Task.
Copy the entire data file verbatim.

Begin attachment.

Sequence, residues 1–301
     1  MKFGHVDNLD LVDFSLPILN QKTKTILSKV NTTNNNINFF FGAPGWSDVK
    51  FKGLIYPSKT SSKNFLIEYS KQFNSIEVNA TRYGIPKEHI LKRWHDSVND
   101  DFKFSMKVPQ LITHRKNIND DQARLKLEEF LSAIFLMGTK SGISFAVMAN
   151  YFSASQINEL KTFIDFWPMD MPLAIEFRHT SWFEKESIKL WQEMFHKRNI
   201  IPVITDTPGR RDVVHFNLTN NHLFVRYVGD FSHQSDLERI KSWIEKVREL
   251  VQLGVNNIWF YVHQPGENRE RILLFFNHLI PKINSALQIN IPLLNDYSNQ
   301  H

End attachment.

Sequence, residues 1–301
     1  MKFGHVDNLD LVDFSLPILN QKTKTILSKV NTTNNNINFF FGAPGWSDVK
    51  FKGLIYPSKT SSKNFLIEYS KQFNSIEVNA TRYGIPKEHI LKRWHDSVND
   101  DFKFSMKVPQ LITHRKNIND DQARLKLEEF LSAIFLMGTK SGISFAVMAN
   151  YFSASQINEL KTFIDFWPMD MPLAIEFRHT SWFEKESIKL WQEMFHKRNI
   201  IPVITDTPGR RDVVHFNLTN NHLFVRYVGD FSHQSDLERI KSWIEKVREL
   251  VQLGVNNIWF YVHQPGENRE RILLFFNHLI PKINSALQIN IPLLNDYSNQ
   301  H